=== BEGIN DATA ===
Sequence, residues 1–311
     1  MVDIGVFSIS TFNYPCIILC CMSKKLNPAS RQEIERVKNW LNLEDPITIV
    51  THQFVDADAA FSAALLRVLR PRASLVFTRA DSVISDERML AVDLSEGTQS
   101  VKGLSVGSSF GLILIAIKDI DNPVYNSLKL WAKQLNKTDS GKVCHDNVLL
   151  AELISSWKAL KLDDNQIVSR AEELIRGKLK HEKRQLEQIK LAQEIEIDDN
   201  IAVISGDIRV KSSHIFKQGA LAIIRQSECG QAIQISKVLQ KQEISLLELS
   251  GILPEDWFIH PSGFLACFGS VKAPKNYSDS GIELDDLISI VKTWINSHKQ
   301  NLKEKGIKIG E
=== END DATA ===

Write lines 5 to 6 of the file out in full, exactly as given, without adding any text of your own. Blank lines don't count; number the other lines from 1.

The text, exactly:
   151  AELISSWKAL KLDDNQIVSR AEELIRGKLK HEKRQLEQIK LAQEIEIDDN
   201  IAVISGDIRV KSSHIFKQGA LAIIRQSECG QAIQISKVLQ KQEISLLELS